Knowledge, attitude and practice of surgical site infection prevention among post-operative nurses in a tertiary health institution in north-central Nigeria

Oluwakemi Ajike Kolade, Salisu Abubakar, Sanusi R. Adejumoke, Hanson Victoria Funmilayo, Adelani Tijani (Lead / Corresponding author)

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Surgical operations are vital procedures in the health care delivery system. Advancement in surgery has played a pivotal role in managing and treating complex health challenges requiring the process. However, the process and procedure involved in surgical operations could significantly endanger the life of the patient. Healthcare associated infections (HAI) pose grave danger to patients and health workers alike. Empirically establishing the level of knowledge, attitude and actual practices of surgical site Infections (SSIs) infection prevention among nurses is therefore an issue for research if the alarming rate of SSIs in developing countries is to be checked. The study adopted cross-sectional survey and the population comprised surgical ward nurses in University of Ilorin Teaching Hospital, Ilorin. Data were generated using self-developed questionnaire with a reliability estimate of 0.88 on the Cronbach alpha scale. These data were analyzed using descriptive statistics of frequency counts and percentages and inferential statistics of Pearson Product Moment Correlation Coefficient at 0.01 alpha. Findings showed that respondents demonstrated relatively high level of knowledge on SSIs prevention, relatively poor attitude towards SSIs prevention and unsatisfactory level of SSIs prevention. When associations among the variables were examined, findings showed that there is positive association between all the variables studies. Findings showed that there is positive and moderate correlation between knowledge and attitude towards SSIs prevention (r = 0.695, p = 0.000<0.01) as well as between knowledge and practice (r = 0.570, p = 0.000<0.01). High correlation was however found for attitude and practice of SSIs prevention (r = 0.763, p = 0.000<0.01). Nurses’ level of knowledge does not translate to desired attitude and practices on SSIs prevention. Improving attitude and practice of SSIs through close supervision, patients’ rights education, in-service training and provision of supplies and consumables were recommended.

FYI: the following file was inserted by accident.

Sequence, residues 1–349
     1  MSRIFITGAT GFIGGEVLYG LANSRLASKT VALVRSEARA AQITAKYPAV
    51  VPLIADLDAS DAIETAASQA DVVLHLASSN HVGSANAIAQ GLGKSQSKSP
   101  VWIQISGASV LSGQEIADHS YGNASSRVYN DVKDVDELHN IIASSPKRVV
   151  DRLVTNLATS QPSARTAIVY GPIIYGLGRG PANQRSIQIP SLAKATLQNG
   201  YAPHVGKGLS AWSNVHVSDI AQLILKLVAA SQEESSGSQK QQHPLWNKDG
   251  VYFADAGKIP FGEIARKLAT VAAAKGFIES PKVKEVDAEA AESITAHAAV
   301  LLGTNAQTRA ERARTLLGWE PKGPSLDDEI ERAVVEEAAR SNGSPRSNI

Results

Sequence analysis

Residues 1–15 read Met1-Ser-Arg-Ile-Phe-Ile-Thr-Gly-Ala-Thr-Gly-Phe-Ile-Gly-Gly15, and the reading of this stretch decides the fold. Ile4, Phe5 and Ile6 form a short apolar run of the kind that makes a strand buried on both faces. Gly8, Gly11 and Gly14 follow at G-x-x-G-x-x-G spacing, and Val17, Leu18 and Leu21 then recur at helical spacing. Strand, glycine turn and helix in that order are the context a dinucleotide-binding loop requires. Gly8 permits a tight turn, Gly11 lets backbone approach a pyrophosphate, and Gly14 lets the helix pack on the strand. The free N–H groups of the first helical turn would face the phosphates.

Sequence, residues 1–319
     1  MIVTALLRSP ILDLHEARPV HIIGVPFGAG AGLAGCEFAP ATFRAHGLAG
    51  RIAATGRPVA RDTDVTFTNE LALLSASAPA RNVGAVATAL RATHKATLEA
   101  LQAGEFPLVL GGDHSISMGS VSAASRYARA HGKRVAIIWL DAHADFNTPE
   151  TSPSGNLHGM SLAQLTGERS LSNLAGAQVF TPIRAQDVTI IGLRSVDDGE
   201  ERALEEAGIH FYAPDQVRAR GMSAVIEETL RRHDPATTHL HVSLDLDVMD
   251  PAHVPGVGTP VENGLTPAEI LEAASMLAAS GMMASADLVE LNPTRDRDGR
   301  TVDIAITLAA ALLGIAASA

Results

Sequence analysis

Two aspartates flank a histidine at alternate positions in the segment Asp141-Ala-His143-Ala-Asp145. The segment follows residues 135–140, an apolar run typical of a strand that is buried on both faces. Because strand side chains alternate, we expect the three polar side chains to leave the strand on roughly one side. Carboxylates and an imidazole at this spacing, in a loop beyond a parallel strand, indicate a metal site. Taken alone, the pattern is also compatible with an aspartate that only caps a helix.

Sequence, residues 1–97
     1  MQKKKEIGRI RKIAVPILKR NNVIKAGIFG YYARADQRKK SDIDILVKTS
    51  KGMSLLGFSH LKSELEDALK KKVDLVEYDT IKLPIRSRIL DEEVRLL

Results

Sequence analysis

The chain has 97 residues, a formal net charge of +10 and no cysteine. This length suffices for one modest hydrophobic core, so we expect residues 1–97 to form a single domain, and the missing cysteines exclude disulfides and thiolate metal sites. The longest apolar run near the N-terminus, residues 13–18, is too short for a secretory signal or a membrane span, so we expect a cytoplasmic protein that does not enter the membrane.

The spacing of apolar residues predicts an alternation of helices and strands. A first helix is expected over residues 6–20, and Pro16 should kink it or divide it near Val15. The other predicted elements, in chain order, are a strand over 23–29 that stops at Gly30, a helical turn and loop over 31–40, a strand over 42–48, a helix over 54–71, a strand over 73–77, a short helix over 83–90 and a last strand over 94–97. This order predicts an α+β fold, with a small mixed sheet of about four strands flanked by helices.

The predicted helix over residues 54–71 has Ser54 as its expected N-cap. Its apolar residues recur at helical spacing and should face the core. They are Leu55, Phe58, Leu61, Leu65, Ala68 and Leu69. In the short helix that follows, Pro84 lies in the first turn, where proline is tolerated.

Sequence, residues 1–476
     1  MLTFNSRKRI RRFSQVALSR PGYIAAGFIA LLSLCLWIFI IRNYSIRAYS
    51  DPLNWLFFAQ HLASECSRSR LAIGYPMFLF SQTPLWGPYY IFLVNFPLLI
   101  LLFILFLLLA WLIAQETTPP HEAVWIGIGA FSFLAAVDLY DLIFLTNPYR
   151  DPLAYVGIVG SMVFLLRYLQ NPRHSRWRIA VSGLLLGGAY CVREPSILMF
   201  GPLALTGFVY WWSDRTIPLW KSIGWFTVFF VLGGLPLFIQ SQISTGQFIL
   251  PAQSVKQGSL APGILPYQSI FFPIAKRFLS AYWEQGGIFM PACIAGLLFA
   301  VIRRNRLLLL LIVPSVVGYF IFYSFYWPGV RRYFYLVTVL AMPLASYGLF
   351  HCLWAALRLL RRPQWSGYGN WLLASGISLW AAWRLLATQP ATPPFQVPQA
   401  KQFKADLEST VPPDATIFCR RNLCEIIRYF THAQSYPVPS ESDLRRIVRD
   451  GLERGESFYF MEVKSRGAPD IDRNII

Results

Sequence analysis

Original languageEnglish
Pages (from-to)65-69
Number of pages5
JournalInternational Journal of Nursing and Midwifery
Issue number6
Publication statusPublished - 30 Jun 2017


  • Surgical site infections
  • knowledge
  • attitude
  • practices
  • prevention
  • nurses


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